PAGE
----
Objects that can be placed on a clipboard
must implement the Transferable
interface. This interface defines a number of methods that let an object
describe how it presents itself to clipboard
readers. That sounds complex, but it isn't really; these methods
let a clipboard reader find out what data flavors are available and what
Java types they represent.
The significance of the Transferable
interface is that it provides a way to get information about the object
on the clipboard without knowing what the object actually is. When you
read the clipboard, you don't necessarily know what kind of object
is there. It might be some kind of text string, but it could just as likely
be something bizarre. However, you shouldn't have to care. If you're
looking for a String, you care only that the object exists in a stringFlavor
representation. These methods let you ask the object
what flavors it supports.
For text strings, the data transfer package provides a StringSelection
class that implements Transferable.
At this point, if you want to transfer other kinds of objects, you'll
have to create a class that implements Transferable
yourself. It wouldn't be unreasonable for JavaSoft to provide other
"selection" classes (for example, ImageSelection)
in the future. Methods
- public abstract DataFlavor getTransferDataFlavors()
method should return a sorted array of DataFlavors
that you support. The most descriptive flavor should be the first element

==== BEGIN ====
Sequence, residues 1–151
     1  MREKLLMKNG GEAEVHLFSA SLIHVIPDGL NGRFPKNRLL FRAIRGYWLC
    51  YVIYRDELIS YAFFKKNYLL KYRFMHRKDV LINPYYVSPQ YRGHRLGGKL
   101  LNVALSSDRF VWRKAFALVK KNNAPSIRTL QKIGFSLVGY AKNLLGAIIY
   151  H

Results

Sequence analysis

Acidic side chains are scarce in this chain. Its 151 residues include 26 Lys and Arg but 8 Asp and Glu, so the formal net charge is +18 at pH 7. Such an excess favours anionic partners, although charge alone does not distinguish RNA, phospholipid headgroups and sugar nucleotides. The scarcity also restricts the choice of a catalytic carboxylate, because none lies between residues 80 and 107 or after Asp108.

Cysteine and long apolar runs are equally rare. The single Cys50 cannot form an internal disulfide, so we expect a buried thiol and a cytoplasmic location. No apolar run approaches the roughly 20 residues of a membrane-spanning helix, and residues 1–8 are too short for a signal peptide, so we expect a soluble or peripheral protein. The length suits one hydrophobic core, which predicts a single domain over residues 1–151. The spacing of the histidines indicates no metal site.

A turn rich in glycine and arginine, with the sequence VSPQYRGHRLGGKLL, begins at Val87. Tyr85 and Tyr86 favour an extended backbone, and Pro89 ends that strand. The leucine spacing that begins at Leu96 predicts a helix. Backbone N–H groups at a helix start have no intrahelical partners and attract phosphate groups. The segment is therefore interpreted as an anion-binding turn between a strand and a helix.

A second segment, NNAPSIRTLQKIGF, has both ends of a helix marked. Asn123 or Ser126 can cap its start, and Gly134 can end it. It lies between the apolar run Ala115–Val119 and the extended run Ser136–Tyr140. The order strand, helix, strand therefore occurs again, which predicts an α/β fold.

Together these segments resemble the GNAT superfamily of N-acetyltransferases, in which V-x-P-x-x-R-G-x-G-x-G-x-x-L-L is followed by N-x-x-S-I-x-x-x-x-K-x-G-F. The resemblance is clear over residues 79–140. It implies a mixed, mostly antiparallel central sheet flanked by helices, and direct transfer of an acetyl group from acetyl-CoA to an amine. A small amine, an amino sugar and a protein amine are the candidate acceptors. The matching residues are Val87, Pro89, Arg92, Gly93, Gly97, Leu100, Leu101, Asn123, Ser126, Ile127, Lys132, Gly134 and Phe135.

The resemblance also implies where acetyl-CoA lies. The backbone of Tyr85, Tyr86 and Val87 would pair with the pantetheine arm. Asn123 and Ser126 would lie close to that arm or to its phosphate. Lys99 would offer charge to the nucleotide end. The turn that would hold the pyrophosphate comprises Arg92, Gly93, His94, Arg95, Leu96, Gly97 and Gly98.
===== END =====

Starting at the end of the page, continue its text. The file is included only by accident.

in the array and the least descriptive, last. For example, a textual object
would place DataFlavor.plainTextFlavor
last, because it has less information than DataFlavor.stringFlavor
(which includes information like the length of the string) and much less
information than a hypothetical flavor like DataFlavor.richTextFlavor.
- public abstract boolean isDataFlavorSupported(DataFlavor flavor)
method should return true if
the object supports the given flavor
and false otherwise.
- public abstract Object getTransferData(DataFlavor flavor) throws UnsupportedFlavorException, IOException
The getTransferData() method
is the most complicated to implement. It should return an instance of the
class representing the data in the given flavor.
If flavor is not supported
by this object, getTransferData()
must throw the UnsupportedFlavorException.
However, this method must be able to return a class for each flavor the
object supports (i.e., each data flavor listed by getTransferDataFlavors()).
The method could throw an IOException
when returning with a Reader
as the representation class. For example, if some data flavor required
you to return a FileReader
and the file doesn't exist, this method might throw an IOException.